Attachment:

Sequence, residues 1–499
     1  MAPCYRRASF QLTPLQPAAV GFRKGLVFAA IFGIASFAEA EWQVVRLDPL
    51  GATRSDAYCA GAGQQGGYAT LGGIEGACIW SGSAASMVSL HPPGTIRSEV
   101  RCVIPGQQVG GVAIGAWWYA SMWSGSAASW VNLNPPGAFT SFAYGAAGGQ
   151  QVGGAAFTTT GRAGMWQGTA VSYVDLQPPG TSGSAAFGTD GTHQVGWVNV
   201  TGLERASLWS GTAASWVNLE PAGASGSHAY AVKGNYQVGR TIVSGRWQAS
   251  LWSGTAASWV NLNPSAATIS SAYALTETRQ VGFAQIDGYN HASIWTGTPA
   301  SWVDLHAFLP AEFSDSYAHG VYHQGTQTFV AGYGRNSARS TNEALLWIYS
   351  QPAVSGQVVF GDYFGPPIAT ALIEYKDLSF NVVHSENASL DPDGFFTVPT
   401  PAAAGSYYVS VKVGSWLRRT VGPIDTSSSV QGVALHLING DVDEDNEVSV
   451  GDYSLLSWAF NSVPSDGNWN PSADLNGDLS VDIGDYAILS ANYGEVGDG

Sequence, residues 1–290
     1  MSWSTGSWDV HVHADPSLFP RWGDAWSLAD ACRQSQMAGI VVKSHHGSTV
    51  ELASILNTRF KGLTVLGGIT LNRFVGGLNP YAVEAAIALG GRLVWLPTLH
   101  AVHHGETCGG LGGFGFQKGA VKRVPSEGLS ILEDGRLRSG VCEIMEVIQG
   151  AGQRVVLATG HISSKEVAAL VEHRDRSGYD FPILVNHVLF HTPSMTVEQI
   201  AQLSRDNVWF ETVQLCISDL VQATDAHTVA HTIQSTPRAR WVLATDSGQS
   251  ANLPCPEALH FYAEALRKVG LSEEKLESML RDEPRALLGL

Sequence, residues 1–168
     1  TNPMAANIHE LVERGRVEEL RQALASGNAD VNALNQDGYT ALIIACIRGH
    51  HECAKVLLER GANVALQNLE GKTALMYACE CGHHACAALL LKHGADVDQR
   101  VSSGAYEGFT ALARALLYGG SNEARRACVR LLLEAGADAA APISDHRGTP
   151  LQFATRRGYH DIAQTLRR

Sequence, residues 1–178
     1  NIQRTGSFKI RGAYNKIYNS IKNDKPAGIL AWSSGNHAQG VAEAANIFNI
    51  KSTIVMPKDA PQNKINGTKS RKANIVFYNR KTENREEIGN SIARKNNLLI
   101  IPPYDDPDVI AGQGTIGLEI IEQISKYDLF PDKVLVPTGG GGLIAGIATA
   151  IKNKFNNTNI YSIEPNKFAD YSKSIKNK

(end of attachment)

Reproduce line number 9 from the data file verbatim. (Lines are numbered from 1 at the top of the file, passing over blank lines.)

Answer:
   351  QPAVSGQVVF GDYFGPPIAT ALIEYKDLSF NVVHSENASL DPDGFFTVPT